Tuesday, April 26, 2016

Understanding The Market

Selling our work is the generally the number one goal of authors that publish their books but it is important to not only put it out there but also to let others know where to find it. Marketing is so important but if done incorrectly your efforts can be next to useless. You would never want to see an erotic novel on a website for children, though that is an extreme example, it can show how bad of an idea it is to simply share your work everywhere.

If you are showing your work to people with little or no interest in the genre or it is not the correct reading level, i.e. children's books on an adult site or vice versa, then it will not matter how great your sales pitch is because it will fall on deaf ears. First and foremost you have to know your audience. If you are dating someone that loves romantic comedies would you take them to a slasher flick on a romantic night out? Hopefully the answer would be no. The same goes for promoting your books. You wouldn't want to push your latest true crime novel at a romance writers convention nor would you proudly display you children's picture books at a horror conference.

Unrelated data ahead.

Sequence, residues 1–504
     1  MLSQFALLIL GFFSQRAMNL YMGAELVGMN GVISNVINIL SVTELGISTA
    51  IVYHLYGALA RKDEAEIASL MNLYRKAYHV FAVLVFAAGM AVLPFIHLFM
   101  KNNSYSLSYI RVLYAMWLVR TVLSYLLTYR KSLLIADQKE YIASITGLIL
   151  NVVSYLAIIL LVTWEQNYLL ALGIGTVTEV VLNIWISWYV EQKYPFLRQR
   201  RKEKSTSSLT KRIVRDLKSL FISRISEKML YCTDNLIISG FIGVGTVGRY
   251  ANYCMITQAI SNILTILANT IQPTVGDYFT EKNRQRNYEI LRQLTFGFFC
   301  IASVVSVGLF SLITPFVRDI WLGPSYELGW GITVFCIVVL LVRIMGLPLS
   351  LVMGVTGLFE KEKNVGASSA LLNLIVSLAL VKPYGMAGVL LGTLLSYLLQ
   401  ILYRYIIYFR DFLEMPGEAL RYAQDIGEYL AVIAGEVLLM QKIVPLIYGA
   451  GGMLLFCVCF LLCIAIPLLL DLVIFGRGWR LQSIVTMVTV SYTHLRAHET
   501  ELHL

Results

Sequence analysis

Before you even hit print it is a good idea to go on to different sites like Amazon or Barnes & Nobel to see books similar to your own. Look at how the are categorized and pay attention to the other books recommended. Once you have a list of books and authors you can search on Google or social media sites to see how those works and their creators are portrayed. You can then throw in some tweaks to make the promotions your own but you will have started by understanding who it is you are selling to.

At face to face events you are not always surrounded by just your target audience. When I get a booth at a show there are bound to be hundreds if not thousands of faces walking past me and only a small percentage will stop to talk to me about my books. That is fine though because I am not trying to sell to everyone, just to those that would be interested in my genres and topics. Kids like the candy on my table and the mothers with them tend to stop and chat with me about one or more of my books so for me it is a great ploy to get people at my table but for another author I see often that wrote a based on true events book about combat neither the kids nor their moms are the right group for him. He talks to the men that show up in military hats and the bikers with flags proudly stitched onto their vests.

We do not overlap in our marketing because we have different audiences. We will however speak up if we are talking to a general book fan and mention the other author in attendance because cross promoting can help both of us. The biggest advice I can give is to make sure you do your research, not just on your book, but on who will buy it as well. That way you do not waste time and effort trying to catch the eye of the wrong people and instead can grow a true fanbase of those who will love what you created.

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